Bai Nian is a traditional Chinese custom, a practice for people to ring out the old year and ring in the new year, as well as to express good wishes for friends and family members. On the first day of the Chinese New Year, families taking with children visit relatives, friends or senior members of their extended family. They convey New Year greetings with auspicious words. The juniors must kowtow to senior relatives, called Bai Nian. The host families treat guests with snacks, sugars and red envelopes.
On the first day of the Chinese New Year, people wear new clothing. After setting off the first firecracker, they will visit relatives and convey New Year greetings. According to the tradition, the sequence of Bai Nian was firstly worshiping Heaven and Earth, then worshiping ancestors, and kowtowing to parents and then visiting relatives and friends. Also, there are also conventions on visiting different people on different days. For example, the married couple visits the husband’s family on the first day of the New Year and the wife’s family on the second day and relatives and friends successively. Bai Nian lasts until the 15th day of the first lunar month. In ancient times, Bai Nian and He Nian were different. Bai Nian was kowtowing to senior family members, while He Nian was conveying greetings among people in the same generation. In the Song Dynasty, people sent cards to greet New Year, which were the early version of New Year cards. In the Ming Dynasty, the New Year cards were more elaborately designed, written with the name of sender and address, as well as auspicious wishes such as happy New Year and good luck.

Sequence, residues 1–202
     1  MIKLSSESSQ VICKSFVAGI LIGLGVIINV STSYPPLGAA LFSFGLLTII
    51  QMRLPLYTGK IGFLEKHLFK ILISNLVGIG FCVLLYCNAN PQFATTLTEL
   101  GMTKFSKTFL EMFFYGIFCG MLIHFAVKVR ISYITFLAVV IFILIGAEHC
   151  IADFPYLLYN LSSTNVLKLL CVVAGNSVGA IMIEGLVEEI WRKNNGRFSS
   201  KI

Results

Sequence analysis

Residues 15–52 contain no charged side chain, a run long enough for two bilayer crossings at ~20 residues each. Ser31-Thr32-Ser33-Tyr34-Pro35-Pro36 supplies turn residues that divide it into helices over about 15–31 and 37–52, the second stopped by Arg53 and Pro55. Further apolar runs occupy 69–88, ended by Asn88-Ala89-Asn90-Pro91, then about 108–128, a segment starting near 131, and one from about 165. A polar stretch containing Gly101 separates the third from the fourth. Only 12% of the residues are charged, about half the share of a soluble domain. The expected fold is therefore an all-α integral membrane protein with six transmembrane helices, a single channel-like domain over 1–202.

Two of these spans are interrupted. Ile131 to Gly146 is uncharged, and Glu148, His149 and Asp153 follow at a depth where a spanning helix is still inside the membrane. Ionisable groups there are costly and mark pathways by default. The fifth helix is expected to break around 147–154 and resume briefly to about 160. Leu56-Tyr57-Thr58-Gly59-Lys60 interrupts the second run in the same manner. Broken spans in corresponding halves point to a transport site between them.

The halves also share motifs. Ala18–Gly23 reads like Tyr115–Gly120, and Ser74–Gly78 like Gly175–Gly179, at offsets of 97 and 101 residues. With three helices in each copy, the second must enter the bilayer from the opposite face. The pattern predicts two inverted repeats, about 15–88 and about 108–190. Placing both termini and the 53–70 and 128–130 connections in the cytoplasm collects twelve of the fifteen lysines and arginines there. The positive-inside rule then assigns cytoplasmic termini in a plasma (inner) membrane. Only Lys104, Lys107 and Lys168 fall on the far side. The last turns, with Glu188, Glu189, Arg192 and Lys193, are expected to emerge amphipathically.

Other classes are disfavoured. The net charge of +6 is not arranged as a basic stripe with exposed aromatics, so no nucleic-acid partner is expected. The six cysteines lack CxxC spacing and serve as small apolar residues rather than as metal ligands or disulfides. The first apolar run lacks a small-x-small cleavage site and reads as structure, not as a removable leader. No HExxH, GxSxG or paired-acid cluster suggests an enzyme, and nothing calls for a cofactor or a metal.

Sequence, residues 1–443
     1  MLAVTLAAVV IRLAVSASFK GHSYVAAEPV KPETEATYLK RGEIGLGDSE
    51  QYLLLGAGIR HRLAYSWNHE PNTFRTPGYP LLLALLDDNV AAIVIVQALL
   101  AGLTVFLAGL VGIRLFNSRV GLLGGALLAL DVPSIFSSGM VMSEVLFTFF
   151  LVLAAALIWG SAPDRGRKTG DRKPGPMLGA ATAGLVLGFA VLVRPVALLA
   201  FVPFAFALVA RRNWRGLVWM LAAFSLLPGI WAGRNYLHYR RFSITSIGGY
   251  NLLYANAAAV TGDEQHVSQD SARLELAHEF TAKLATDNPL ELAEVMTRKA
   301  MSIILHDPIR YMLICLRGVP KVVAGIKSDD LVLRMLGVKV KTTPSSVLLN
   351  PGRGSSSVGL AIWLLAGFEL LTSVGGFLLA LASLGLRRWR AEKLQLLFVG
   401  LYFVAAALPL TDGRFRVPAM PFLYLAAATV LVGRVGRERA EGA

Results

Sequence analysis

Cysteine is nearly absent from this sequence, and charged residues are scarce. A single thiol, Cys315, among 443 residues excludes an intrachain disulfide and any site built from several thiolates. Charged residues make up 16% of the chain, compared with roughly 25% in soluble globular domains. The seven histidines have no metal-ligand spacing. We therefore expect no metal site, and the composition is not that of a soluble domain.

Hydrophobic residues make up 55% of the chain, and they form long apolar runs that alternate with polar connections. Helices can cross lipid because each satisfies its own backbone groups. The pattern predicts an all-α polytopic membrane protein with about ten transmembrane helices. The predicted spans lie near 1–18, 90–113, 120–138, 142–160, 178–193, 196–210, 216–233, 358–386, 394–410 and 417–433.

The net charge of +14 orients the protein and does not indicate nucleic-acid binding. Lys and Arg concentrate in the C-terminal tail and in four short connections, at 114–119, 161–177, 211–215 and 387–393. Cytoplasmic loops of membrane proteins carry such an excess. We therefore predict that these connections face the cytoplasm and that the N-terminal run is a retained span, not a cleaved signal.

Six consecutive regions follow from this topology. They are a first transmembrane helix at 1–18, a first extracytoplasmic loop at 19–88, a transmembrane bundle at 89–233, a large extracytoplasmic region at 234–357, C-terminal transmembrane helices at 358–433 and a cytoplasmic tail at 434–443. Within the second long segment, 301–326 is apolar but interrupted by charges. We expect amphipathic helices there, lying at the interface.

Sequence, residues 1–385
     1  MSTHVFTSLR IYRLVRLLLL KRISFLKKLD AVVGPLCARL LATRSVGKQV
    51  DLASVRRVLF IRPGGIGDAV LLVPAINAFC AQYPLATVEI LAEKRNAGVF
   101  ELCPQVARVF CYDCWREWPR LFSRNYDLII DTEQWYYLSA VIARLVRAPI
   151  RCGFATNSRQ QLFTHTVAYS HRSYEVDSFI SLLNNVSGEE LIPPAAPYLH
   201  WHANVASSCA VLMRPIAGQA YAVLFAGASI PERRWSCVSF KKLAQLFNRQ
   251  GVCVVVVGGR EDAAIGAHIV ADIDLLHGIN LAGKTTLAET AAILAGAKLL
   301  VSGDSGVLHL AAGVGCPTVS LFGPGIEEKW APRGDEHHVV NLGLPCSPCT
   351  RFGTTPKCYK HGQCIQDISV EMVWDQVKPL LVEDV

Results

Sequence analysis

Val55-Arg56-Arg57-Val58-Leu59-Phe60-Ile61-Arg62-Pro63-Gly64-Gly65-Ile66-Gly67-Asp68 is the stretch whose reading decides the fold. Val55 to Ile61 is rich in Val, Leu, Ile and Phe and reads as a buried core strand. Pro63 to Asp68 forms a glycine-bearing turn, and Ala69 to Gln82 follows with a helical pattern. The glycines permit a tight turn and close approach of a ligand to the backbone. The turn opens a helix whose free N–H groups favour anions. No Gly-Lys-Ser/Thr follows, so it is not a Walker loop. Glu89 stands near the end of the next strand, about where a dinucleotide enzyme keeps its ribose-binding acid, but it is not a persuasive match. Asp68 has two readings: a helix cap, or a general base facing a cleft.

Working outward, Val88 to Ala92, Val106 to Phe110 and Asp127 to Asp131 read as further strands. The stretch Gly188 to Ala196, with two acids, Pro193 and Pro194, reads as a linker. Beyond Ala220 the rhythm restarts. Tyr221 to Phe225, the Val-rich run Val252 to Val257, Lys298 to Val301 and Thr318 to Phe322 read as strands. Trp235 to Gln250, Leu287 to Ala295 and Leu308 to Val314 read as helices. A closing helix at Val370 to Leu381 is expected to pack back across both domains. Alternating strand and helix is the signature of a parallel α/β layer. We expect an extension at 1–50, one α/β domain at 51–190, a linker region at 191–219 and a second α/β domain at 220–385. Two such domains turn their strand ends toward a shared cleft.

In the Spring Festival, the senior family members would prepare Yasuiqian (red envelope) for the younger generation when receiving their greetings. Yasuiqian represents best wishes for the younger generation. It’s heard that Yasuiqian could ward off devils because year shares the pronunciation with ghost. Thus, Yasuiqian is also known as “money warding off evil spirits”. The younger generation would have a safe new year with Yasuiqian. Yasuiqian could be given when the younger generation conveys New Year greetings or puts under the pillow. People place Yasuiqian under the pillow aiming to ward off devils. When evils or fabulous Nian are going to attack kids, children could keep safe by using money to bribe them. Of course, this is not true and only the blessings of the older generation to children wishing them having a healthy and safe new year.